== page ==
LITHOSPHERIC STRENGTHENING AND INDIRECT TECTONOMAGMATIC LINKS DURING MID-CRETACEOUS OROGENESIS IN THE CENTRAL SIERRA NEVADA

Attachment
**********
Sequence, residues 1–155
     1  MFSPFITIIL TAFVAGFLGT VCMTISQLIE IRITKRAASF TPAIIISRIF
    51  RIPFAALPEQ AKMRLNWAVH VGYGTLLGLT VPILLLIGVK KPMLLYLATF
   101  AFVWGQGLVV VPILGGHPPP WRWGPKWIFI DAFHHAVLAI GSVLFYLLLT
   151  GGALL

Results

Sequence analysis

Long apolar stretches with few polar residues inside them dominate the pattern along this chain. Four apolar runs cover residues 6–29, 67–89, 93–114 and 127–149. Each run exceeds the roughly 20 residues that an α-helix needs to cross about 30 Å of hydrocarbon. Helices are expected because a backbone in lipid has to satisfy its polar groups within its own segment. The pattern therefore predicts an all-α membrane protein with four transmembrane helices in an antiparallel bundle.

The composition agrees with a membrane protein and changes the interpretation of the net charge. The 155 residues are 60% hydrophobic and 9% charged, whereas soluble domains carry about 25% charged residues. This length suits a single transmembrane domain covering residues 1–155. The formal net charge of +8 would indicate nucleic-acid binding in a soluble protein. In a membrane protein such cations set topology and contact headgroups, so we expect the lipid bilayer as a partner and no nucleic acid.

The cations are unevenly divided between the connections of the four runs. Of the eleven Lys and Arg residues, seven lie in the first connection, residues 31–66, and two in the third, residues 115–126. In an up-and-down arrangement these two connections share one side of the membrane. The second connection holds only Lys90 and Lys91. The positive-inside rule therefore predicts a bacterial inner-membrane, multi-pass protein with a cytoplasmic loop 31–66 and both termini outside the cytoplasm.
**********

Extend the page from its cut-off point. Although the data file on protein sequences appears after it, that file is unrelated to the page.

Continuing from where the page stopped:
This new synthesis contradicts previous models invoking direct tectonomagmatic links in arcs: magmatism did not control the location, intensity, or kinematics of intra-arc deformation, nor did shear zones control the spatiotemporal patterns of magmatism. Arc and orogenic processes instead interact indirectly by driving the evolution of lithospheric architecture (e.g. thickening; compositional stratification), modifying these same processes in turn. The waning of intra-arc deformation coeval with continued contraction in the Cordilleran foreland indicates that arc lithosphere strengthened as flare-up magmatism proceeded. Potential causes include: lithospheric thickening; increasing additions of competent intrusions that crystallized quickly relative to strain accumulation; disruption of through going, crustal-scale shear zones; and mafic residue accumulation in the deep lithosphere. In addition to changing plate-scale boundary conditions, lithospheric evolution likely played a significant role in the shifting of Late Cretaceous deformation observed within the arc and across-strike of the SW US Cordillera. We highlight the need for a whole-orogen perspective, incorporating the impacts of arc activity and evolving lithospheric architecture, in interpreting paleo-dynamics from continental deformation in convergent margins.